Ba mhaith liom iarraidh ar an Ceannaire cuireadh a thabhairt don Aire Dlí agus Cirt agus Comhionannais teacht isteach anseo chun eolas atá tagtha chun cinn, go bhfuil €14.5 milliún caite le cúig bliana anuas ar phóilíneacht agus ar ghardaí i gcás tobar gáis na Coiribe, a phlé. The Minister for Justice and Equality should come to the House to explain how €14.5 million has been spent on overtime, allowances, travel and subsistence, PRSI, etc., for gardaí at the Bellanaboy plant in County Mayo. In 2011, €913,000 was spent, with €3.5 million in 2010 and €5 million in 2007. We heard during yesterday's Private Members' debate that it would cost €15 million to retain rural schools and now we hear that an extra €15 million was spent on overtime and related costs. I will go a little further while not jumping to any conclusions about media reports. This morning the Minister, Deputy Shatter was reported as saying "some protesters behave in a self-indulgent way that has no regard for the rights of others." I would like the Minister to come to the House to clarify if that is what he said-----
----- and what he meant by it. I call for a debate on the money spent on policing the protests at Bellanaboy so that we can ask questions and we can possibly ask for an investigation or inquiry into how the Garda handled allegations of assault made by protesters there.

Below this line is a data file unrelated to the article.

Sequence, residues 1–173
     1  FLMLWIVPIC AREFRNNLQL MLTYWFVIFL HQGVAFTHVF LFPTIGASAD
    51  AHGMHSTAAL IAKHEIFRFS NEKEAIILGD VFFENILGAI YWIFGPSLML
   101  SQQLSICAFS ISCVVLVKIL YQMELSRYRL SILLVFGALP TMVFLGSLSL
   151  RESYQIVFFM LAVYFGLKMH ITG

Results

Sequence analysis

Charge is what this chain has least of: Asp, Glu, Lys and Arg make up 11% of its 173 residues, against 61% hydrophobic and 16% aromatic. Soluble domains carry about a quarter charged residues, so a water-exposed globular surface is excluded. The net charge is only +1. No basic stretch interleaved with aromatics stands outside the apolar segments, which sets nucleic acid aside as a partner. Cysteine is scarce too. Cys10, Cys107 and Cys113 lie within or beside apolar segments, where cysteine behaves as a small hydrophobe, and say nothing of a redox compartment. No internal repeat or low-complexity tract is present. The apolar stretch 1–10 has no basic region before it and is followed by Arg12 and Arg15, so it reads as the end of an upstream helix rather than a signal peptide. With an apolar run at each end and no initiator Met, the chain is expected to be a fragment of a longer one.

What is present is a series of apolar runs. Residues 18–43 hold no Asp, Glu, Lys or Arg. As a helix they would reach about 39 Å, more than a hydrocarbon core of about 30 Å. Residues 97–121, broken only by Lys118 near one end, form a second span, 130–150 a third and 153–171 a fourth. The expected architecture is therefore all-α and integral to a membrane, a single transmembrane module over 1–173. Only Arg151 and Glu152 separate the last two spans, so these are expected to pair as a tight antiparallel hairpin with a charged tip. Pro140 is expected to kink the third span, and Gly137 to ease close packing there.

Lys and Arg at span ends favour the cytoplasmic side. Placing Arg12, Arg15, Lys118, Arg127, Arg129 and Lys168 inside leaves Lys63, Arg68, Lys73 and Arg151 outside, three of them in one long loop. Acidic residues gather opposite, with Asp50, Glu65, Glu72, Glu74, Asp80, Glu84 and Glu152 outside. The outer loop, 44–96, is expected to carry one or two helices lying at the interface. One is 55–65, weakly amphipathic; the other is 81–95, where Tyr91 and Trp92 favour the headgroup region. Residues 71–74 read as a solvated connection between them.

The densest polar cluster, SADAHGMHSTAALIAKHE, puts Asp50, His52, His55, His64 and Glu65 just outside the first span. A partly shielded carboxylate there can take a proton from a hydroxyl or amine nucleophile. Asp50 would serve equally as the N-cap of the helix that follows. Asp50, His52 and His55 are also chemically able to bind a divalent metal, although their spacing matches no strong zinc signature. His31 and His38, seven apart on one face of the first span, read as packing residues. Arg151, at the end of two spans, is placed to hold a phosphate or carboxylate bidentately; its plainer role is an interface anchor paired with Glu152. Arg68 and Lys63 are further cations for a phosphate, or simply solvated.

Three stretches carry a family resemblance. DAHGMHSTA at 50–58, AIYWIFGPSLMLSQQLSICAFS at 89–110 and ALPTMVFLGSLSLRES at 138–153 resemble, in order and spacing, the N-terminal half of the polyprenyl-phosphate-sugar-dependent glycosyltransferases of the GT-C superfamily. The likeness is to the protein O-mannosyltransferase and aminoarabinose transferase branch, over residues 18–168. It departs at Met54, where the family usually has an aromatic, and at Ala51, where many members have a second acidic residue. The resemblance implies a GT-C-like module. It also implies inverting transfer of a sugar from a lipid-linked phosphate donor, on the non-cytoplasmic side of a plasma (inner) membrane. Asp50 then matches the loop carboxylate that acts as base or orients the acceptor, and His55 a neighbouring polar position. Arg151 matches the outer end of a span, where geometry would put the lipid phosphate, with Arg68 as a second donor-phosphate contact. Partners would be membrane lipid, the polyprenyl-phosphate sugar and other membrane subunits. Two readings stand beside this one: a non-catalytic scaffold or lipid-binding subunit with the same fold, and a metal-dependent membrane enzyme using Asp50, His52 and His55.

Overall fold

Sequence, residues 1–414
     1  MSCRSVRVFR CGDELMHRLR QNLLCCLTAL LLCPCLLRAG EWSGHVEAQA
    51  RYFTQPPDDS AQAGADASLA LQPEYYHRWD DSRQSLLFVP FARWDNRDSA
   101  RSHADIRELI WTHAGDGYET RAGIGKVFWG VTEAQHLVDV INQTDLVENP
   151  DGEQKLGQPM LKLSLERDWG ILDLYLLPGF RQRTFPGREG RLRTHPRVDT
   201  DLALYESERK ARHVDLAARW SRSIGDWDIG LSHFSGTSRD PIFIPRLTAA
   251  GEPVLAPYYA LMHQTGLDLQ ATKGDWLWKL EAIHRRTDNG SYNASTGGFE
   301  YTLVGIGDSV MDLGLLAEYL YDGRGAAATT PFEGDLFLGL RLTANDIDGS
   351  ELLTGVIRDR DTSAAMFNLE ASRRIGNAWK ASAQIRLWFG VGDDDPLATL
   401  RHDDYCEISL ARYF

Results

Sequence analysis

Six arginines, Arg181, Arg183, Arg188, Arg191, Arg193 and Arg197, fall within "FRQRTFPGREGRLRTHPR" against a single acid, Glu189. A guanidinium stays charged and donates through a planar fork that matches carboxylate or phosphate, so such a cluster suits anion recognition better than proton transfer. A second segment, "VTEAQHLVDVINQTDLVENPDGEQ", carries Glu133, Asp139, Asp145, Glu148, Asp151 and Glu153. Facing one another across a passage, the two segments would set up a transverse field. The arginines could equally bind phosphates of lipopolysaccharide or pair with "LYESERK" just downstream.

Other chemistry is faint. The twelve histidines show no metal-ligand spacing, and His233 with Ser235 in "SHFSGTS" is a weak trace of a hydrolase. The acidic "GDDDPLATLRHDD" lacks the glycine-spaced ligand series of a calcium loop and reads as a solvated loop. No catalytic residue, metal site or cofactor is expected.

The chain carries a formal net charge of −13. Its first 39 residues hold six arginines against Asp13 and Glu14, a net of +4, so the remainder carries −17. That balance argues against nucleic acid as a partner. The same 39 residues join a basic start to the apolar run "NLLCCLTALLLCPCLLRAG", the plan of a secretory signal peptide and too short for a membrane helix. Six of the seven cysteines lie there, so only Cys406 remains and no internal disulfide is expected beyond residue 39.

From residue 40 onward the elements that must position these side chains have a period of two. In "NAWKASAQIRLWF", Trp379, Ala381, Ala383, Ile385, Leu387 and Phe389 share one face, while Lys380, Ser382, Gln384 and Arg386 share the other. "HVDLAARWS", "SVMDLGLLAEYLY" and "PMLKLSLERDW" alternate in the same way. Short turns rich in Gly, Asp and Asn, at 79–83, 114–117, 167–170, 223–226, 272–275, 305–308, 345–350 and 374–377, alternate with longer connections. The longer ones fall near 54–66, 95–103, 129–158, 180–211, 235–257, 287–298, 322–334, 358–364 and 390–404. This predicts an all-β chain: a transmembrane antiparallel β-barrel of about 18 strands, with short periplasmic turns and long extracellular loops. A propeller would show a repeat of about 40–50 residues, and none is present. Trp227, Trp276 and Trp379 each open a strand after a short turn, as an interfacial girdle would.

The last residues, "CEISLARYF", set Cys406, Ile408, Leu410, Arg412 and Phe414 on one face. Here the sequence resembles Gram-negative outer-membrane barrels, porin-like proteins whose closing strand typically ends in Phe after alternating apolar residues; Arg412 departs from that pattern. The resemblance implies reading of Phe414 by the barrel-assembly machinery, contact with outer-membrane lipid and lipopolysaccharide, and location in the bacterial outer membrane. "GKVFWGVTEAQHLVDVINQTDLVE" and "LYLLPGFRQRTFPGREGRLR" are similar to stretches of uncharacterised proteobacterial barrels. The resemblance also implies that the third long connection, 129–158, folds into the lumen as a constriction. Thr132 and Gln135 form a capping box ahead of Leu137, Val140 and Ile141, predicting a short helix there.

I second the amendment to the Order of Business proposed by Senator Cullinane.
We need a half-day or a full-day debate on mental health services. In February 2011 there was a national recruitment campaign for mental health CNM2-grade positions. Interviews were carried out for a week with approximately 400 to 500 people placed on 11 panels for the delivery of mental health services. My information is that nobody from outside the Dublin area has been recruited from those panels. People were put on panels for each HSE area in the country but the only people recruited have been in Dublin. I am led to believe that it is a sweetheart deal between unions and the HSE. We need an open debate-----
I ask the Leader to arrange a debate at an early date on the issue of higher education. Senators may be aware of a proposal from the institutes of technology in the north west in particular to come together as a multi-campus university of technology. This proposal is not getting the kind of attention it requires from the Higher Education Authority and from the Government and should be debated here. In mentioning that it would be remiss of me not to mention a national project launched this morning by the Minister of State, Deputy Brian Hayes, which from a research point of view is being headed up by Sligo Institute of Technology. It is an EU-approved pilot electronic invoicing project, which over a period of time will lead to savings of €250 million per year. It will increase competitiveness for businesses and will increase efficiencies in the public service. In the context of a multi-campus university of technology, one can see from today's initiative just one example of the kinds of strides that can be made in applied research from the institute of technology sector throughout the country.